Foundations of Audio: Delay and Modulation
Illustration by John Hersey

Get in the Mix: Creating a comb filter and a flange effect


From:

Foundations of Audio: Delay and Modulation

with Alex U. Case

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Video: Get in the Mix: Creating a comb filter and a flange effect

So far we've talked about how constructive and destructive interference leads to cone filtering. Let's see how we can make musical use of this. The cone filter frequency response represents a radical reshaping of tone. Modulating that cone filter gives us flanging. All we need is a track and a short delay. Plugins with the word flanger in their name typically provide us delay processors with a single short delay accompanied by all the usual parameters.
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  1. 4m 59s
    1. Welcome
      1m 40s
    2. What you should know before watching this course
      50s
    3. How to use the exercise files
      55s
    4. Using the "Get In the Mix" Pro Tools session files
      1m 34s
  2. 21m 39s
    1. What is delay?
      2m 7s
    2. Creating delay effects overview
      1m 41s
    3. Delay time, level, and feedback parameters
      3m 0s
    4. Utilizing a low-pass filter and polarity reverse
      3m 7s
    5. Setting up an effects loop for delay
      1m 6s
    6. Setting up an effects loop in a DAW
      5m 40s
    7. Setting the delay time by tempo
      3m 25s
    8. Setting the delay time by ear
      1m 33s
  3. 31m 29s
    1. Overview of short, medium, and long delays
      3m 49s
    2. Long delays
      3m 17s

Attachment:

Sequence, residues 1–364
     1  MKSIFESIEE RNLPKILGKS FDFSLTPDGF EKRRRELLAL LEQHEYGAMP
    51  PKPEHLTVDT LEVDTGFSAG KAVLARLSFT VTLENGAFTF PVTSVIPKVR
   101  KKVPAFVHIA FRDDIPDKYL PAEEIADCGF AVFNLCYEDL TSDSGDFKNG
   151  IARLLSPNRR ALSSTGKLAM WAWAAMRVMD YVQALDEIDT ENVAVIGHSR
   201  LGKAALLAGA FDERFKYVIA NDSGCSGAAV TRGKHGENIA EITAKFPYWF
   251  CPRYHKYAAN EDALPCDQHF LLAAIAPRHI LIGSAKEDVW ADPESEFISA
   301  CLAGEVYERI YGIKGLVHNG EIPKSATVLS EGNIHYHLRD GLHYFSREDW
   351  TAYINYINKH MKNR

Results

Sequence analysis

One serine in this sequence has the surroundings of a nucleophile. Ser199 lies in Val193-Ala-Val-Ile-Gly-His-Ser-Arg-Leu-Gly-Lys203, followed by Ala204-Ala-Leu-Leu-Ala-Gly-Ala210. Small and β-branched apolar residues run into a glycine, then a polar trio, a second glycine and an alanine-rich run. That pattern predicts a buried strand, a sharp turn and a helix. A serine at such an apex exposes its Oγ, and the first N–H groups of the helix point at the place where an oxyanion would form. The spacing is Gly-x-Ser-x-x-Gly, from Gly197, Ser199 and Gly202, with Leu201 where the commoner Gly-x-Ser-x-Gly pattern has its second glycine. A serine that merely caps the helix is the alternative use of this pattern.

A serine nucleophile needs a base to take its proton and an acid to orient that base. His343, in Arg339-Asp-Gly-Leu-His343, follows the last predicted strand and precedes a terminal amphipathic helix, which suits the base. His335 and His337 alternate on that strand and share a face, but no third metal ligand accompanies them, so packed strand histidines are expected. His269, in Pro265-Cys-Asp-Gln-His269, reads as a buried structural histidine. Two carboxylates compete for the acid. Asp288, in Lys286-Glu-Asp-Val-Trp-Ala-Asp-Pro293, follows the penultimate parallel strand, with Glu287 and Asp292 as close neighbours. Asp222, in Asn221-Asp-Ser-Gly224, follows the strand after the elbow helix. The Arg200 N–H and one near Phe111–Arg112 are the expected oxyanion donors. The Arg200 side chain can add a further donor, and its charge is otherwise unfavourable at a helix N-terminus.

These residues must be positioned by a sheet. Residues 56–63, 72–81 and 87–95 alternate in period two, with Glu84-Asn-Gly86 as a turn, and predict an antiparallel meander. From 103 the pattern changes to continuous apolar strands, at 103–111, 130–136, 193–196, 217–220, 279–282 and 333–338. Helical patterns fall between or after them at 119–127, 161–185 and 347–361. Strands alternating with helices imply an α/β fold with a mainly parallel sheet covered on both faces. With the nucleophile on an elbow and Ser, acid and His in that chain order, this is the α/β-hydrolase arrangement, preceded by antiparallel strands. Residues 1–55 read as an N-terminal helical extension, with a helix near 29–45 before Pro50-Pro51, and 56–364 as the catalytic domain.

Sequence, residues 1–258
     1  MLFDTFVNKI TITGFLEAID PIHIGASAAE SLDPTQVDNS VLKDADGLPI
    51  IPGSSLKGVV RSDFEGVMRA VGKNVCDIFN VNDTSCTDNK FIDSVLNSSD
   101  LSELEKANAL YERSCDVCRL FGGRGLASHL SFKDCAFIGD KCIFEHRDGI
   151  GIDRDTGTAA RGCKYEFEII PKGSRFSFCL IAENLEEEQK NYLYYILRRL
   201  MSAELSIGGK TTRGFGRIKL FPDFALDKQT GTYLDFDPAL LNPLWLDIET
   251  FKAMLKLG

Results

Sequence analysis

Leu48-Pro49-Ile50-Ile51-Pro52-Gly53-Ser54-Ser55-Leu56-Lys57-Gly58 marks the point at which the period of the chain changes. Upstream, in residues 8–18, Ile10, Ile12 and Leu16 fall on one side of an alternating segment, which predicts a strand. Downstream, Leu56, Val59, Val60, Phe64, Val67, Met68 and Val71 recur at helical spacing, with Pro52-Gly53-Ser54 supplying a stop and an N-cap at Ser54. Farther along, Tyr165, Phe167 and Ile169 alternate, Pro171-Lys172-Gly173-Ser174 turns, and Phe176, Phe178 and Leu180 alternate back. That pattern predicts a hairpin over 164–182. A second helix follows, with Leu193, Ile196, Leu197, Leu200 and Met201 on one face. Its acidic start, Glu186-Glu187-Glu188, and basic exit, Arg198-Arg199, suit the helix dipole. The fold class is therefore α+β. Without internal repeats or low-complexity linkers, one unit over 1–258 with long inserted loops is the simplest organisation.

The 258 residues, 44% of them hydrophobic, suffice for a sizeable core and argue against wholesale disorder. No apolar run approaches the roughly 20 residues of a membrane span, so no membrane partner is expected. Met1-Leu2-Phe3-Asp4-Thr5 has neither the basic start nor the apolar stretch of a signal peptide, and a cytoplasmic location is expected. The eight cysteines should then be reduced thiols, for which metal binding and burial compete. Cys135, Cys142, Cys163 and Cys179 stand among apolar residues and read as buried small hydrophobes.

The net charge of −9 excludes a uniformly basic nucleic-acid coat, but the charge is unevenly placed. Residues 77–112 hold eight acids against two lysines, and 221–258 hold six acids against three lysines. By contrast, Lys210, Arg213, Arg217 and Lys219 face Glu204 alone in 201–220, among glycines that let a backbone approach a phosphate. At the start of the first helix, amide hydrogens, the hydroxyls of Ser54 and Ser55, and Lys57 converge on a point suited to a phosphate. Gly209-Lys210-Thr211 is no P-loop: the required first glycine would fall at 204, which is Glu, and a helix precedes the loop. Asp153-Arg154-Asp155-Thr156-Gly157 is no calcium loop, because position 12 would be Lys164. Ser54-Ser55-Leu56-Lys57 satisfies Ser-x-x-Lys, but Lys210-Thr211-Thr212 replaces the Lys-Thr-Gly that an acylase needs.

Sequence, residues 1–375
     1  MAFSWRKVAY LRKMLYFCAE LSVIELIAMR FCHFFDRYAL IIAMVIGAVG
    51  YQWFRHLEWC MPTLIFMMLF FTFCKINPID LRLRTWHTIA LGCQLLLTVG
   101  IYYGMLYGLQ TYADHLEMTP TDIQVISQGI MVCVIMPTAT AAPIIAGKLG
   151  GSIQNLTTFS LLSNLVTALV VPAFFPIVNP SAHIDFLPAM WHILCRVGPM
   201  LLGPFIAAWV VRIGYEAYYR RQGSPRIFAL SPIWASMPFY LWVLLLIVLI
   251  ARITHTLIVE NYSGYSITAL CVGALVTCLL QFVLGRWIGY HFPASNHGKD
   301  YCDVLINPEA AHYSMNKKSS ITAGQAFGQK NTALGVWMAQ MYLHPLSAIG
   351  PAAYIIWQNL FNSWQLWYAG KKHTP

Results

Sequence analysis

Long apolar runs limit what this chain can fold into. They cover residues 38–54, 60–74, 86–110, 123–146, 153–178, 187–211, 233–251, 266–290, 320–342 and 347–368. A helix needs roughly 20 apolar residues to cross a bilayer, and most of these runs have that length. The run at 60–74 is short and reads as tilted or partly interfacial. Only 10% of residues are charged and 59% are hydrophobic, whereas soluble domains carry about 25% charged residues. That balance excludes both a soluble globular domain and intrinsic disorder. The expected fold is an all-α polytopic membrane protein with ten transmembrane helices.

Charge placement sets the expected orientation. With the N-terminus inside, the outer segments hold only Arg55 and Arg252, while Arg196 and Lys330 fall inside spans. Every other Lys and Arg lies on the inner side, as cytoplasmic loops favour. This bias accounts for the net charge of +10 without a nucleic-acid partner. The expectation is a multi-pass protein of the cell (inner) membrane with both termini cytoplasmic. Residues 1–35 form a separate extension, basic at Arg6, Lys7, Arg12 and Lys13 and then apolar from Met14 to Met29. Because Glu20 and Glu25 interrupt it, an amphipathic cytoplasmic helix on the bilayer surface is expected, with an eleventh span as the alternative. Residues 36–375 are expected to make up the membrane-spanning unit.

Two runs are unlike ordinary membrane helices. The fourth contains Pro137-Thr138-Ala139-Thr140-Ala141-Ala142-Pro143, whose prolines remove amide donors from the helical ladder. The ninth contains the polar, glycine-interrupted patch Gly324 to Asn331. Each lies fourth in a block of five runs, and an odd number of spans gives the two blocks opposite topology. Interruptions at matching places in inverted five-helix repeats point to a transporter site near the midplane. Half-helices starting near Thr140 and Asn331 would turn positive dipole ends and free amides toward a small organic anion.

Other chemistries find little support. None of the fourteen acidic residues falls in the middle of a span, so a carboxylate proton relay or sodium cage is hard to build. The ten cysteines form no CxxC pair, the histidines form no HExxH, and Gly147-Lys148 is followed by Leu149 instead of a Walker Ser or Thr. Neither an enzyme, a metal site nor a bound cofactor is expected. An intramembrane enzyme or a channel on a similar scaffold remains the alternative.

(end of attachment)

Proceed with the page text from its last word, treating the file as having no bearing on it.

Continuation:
3. Get in the Mix: Using long delay on key lyrics
      7m 2s
    4. Get in the Mix: Establishing groove with long delays
      8m 42s
    5. Get in the Mix: Creating slap-back echo with long delays
      6m 6s
    6. Advanced tape-delay effects
      2m 33s
  4. 46m 59s
    1. LFO
      2m 39s
    2. Get in the Mix: Modulation rate and depth
      7m 32s
    3. Get in the Mix: Modulation shape
      7m 43s
    4. Delay effects examples in various plug-ins
      3m 52s
    5. Medium delays
      1m 3s
    6. Get in the Mix: Chorus
      5m 54s
    7. Get in the Mix: Double tracking
      6m 23s
    8. Get in the Mix: Spreaders and thickeners
      11m 53s
  5. 16m 31s
    1. Constructive and destructive interference
      2m 16s
    2. Short delays
      1m 6s
    3. Get in the Mix: Creating a comb filter and a flange effect
      5m 34s
    4. Get in the Mix: Flanger and phaser effects
      7m 35s
  6. 19m 11s
    1. Using delays in a real-world mix
      16m 59s
    2. Course summary and goodbye
      2m 12s

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Watch the Online Video Course Foundations of Audio: Delay and Modulation
2h 27m Appropriate for all Jan 18, 2012 Updated Jan 31, 2014

Viewers: in countries Watching now:

In this installment of Foundations of Audio, author Alex U. Case explains the fundamentals of delay and modulation effects and how to apply these effects, technically and creatively, to improve the sound of a mix. The course covers adjusting individual parameters such as delay time, level, and feedback; working with long delays to create echoes, enhance groove, and add support; using delay modulation for chorus and doubling effects; and dialing-in spectral effects from delay, such as flanging. This course also includes Get in the Mix (GITM) sessions for both Avid Pro Tools and Apple Logic Pro. Exercise files are also included with the course.